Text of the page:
These Dungeons proved to be great fun. The boys and I watched a TV show where kids in the 1980s were playing Dungeons & Dragons, and one of them was the Dungeon-master, in charge of keeping gameplay exciting, meting out death, destruction and the occasional boon when required. I thought that if we used my notebook and a couple of dice in the huts in the evening, we could draw a dungeon, then play it like that game. It worked perfectly. They boys battled several interesting monsters in the first dungeon, and then Elijah drew two more. The job of Dungeon-master requires creativity. You have to describe rooms and monsters with some whimsy to keep it interesting. We had an elaborate flow diagram to describe the kabuki theater involved in a battle. A really fun thing was that if you roll a 1 first, then the monster runs away. We burst out laughing a few times when a formidable pair of monsters came running up, only to both run away moments later!
One evening, thing got pretty funny. Rowan and Elijah, as adventurers named Toaster and Max, entered a frightening dungeon. In a lower chamber they discovered a portal to an alternate dimension. Despite several unhealed wounds they took it, only to emerge into a room of a dozen killer bats. Rather than strategically retreat, they kept fighting. First Max lost an arm, then bled out on the floor while Toaster gamely continued (after prudently collecting the loot from Max’s body). The dice rolls went poorly and Toaster died as well. As ‘Master, I offered a few chances, but they always chose the most reckless option and finally ended up dead. Through an alarming series of twists and turns in the afterlife, 70 years later Toaster reincarnated as a new adventurer named Umbrella, while Max’s spirit remained in a kind of limbo. Umbrella entered the same cave and felt an eerie familiarity with the surroundings. The long-sealed inter-dimensional cave contained the spidery skeletal remains of bats and two human skeletons, one missing an arm! By a fortuitous dice roll, Max was able to come back to life, and the two adventurers continued, later dying from a batch of poisoned mushrooms.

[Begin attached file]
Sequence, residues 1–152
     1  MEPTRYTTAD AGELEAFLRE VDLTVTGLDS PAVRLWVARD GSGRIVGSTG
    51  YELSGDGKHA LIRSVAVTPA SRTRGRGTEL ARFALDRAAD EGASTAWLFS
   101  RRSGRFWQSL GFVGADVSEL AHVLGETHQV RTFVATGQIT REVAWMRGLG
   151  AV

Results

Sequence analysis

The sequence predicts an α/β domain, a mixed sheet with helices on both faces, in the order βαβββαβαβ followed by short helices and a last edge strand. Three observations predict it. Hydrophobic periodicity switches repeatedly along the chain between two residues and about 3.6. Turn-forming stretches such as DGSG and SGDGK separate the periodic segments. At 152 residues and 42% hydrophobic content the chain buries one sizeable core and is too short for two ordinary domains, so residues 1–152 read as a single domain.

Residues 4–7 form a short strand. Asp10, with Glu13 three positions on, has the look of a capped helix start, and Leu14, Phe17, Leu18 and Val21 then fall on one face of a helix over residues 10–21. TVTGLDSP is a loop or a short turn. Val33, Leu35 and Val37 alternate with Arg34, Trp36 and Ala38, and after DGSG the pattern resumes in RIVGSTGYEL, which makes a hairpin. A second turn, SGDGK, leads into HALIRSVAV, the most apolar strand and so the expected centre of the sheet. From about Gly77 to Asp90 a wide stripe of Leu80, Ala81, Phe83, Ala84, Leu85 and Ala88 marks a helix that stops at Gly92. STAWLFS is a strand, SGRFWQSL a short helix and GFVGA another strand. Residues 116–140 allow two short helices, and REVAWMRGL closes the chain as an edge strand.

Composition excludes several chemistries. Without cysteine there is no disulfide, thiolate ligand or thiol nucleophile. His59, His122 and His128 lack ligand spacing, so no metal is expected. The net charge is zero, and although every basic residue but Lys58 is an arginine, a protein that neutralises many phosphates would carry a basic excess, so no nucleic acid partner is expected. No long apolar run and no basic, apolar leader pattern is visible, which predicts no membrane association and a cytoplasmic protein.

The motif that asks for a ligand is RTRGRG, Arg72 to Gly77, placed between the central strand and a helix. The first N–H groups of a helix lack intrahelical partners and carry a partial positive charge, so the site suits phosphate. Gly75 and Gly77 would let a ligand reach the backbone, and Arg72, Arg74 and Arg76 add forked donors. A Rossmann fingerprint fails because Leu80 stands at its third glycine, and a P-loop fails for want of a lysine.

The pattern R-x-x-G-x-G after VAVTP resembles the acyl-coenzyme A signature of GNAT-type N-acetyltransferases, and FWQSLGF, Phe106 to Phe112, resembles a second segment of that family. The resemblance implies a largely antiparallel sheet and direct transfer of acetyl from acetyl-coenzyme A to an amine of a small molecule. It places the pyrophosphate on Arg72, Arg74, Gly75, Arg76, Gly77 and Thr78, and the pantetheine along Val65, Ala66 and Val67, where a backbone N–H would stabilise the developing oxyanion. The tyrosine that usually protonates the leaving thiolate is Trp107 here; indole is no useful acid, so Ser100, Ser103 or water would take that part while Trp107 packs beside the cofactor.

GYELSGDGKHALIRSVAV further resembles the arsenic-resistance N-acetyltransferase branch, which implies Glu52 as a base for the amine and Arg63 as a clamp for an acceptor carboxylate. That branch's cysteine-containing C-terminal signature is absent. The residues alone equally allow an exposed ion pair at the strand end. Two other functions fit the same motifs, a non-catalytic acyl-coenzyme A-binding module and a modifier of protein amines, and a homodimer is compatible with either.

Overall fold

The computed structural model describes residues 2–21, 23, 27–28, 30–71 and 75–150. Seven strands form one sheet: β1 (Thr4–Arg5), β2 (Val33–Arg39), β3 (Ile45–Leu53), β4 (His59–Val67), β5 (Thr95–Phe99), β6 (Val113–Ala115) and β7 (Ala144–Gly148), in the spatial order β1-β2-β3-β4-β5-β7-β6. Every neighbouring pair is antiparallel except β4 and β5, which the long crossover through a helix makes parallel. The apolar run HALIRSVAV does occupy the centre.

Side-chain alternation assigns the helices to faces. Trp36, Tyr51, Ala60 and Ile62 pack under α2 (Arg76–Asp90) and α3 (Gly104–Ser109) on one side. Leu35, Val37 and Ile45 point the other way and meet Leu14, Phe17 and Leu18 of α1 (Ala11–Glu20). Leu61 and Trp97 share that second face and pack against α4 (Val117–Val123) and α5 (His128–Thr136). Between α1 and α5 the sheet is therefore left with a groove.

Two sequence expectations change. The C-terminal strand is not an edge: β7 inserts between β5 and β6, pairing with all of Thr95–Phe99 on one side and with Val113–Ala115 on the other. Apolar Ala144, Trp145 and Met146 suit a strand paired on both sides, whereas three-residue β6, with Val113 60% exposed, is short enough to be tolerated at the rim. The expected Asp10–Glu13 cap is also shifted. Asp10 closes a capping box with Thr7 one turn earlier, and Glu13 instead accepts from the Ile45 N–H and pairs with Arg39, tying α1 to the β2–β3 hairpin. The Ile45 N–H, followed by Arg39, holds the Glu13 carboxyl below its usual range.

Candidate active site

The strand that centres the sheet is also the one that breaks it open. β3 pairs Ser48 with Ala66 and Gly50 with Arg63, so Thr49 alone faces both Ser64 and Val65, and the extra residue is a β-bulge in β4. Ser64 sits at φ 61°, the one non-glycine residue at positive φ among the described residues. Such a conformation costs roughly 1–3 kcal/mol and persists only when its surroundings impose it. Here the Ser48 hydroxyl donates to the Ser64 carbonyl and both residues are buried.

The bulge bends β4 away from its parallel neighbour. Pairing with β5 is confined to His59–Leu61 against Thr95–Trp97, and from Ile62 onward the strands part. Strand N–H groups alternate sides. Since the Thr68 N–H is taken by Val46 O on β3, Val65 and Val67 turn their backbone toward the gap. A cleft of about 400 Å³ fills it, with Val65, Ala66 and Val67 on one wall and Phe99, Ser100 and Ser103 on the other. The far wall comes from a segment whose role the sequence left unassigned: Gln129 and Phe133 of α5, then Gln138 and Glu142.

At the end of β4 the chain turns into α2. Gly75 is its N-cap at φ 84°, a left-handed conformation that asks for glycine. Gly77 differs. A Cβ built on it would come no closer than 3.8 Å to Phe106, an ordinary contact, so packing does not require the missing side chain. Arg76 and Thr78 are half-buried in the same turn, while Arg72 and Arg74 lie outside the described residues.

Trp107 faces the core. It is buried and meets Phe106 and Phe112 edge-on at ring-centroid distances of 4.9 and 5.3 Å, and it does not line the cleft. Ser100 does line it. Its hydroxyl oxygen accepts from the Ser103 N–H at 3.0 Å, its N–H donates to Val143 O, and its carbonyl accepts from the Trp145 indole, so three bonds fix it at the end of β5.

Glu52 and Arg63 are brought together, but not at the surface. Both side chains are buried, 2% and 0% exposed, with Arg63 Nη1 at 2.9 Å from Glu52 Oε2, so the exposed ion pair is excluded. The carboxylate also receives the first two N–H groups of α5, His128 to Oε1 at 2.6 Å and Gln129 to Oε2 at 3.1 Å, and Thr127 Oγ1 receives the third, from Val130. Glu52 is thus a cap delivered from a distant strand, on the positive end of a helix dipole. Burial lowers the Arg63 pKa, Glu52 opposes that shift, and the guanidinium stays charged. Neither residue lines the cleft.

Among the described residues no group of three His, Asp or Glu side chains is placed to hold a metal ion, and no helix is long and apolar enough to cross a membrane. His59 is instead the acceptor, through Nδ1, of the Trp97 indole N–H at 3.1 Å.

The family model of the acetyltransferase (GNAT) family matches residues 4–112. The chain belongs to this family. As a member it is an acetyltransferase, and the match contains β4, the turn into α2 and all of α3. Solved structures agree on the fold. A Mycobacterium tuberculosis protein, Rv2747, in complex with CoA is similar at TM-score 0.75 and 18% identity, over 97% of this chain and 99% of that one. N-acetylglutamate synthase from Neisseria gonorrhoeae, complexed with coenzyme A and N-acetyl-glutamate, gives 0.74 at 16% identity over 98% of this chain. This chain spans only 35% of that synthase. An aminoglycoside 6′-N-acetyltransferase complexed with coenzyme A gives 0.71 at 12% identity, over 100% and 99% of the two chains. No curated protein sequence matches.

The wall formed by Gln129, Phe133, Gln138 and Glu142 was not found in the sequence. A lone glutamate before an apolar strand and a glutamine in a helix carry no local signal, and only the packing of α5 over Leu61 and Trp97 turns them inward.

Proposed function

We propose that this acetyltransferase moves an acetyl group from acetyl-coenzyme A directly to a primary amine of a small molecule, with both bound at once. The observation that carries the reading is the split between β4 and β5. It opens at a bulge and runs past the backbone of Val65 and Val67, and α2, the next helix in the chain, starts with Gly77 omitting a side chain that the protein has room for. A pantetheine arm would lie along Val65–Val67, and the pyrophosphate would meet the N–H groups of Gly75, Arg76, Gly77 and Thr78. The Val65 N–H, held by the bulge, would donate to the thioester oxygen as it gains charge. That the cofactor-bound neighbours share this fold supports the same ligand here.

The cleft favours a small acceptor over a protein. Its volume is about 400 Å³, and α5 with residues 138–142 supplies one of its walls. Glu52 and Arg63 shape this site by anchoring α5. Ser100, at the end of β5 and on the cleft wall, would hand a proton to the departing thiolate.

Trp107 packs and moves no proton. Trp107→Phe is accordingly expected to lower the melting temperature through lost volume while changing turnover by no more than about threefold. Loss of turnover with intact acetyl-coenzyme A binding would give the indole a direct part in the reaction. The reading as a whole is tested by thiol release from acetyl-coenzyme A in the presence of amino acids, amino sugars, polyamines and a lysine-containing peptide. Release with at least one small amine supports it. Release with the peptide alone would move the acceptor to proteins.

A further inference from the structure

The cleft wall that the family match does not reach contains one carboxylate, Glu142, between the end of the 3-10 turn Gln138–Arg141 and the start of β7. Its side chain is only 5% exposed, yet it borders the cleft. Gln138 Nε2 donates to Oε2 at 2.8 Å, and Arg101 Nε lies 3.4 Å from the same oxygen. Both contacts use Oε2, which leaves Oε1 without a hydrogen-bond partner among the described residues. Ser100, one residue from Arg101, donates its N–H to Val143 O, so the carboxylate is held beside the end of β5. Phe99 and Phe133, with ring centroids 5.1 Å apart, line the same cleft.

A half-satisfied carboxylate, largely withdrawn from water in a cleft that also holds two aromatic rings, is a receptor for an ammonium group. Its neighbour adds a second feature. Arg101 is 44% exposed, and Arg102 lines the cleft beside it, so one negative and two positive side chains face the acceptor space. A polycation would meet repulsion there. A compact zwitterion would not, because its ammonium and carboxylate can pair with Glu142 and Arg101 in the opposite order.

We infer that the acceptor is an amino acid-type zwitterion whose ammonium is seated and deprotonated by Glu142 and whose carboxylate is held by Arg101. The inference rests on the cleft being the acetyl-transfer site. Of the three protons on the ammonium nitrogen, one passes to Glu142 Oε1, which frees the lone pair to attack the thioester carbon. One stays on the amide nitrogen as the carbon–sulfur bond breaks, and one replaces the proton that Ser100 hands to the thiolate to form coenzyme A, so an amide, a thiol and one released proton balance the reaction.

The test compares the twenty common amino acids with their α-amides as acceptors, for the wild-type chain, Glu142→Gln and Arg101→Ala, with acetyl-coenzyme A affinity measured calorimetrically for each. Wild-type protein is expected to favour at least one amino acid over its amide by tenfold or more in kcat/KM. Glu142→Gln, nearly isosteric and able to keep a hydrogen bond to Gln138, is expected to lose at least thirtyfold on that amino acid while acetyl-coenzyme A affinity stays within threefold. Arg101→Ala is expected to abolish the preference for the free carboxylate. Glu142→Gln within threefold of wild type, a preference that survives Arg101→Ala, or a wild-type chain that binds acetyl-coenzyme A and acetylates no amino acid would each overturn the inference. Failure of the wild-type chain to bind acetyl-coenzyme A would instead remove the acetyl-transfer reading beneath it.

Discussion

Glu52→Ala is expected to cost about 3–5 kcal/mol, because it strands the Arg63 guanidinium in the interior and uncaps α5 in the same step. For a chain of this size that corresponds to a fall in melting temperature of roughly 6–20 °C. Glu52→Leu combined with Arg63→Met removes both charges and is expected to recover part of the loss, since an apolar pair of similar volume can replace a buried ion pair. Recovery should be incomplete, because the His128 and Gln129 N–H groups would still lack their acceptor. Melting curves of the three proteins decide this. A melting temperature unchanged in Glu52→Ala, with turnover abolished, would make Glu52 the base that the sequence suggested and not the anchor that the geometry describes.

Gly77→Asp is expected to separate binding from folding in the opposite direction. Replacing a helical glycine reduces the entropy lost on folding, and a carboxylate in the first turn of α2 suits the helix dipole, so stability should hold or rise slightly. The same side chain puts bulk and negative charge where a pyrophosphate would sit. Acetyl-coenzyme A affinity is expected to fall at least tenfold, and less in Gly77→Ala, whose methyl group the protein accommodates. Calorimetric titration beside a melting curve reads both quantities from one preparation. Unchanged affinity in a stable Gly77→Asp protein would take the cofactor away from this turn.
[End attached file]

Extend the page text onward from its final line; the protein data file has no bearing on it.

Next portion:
Once, I got offended that someone said “Madam” when I was sitting under my pink umbrella :D. A few more people said it, and eventually I realized it must be a greeting. Since we were near Slovenia, I thought it must be Slovenian. I asked a few times at huts, but nobody seemed to know. Finally, sigh, I came back home and old friend Google told me that “good day” in Slovenian is “Dober dan.” Ahh.
Something great (and terrible) about hiking is that the hours stretch on and on. The boys don’t have my legs and speed, so I had to slow down. We made many long-running jokes. One of the best came from the Lord of the Rings. Since the country we traveled through was so reminiscent of Mordor, with endless stairs of rock, we thought about the scenes where Frodo, Sam and Gollum climbed the stairs above the dread city of Minas Morgal. During this multi-day journey up stairs, Gollum convinced Frodo to think Sam had eaten all the precious Lembas cakes. This would make it easier for Shelob the spider to capture Frodo later. We remembered Samwise descending the stairs, teary-eyed and discovering that Gollum had thrown the Lembas cakes over a cliff, returning full of resolute anger.
Well, our joke was that Sam really did eat the Lembas cakes. And that we, fellow travelers on similar stairs could simply corroborate what Gollum said. Not that we were friends with Gollum or anything. But that Sam guy just wasn’t cool. So yeah…Gollum was right, we were forced to tell an ashen-faced Frodo. Sorry, dude. But one of us went to school with Samwise, and he used to cheat all the time. Yeah. Totally sucks. “He loves Lembas cakes,” we’d tell Frodo, shaking our heads in disbelief, but with a “what-are-you-going-to-do” resigned attitude about the whole thing.
Our favorite jokes were around the feeling of being bereft. Of falling in for herculean tasks of effort just at the moment you thought the work was done. “Oh, Dad, you left the car keys on that mountain top. I didn’t say anything because I thought you meant to leave them there.” Then great laughter on contemplating that “Dad” will have to walk for days to retrieve said car keys. Or, “how long have we been walking?” and the answer is “22 minutes,” when actually we’ve been walking over 4 hours through rain. Poor Frodo, lonely but ready to have his spirits lifted on running into fellow white-bread travelers, is left twice-bereft with this sad news about the poor quality of Sam’s character.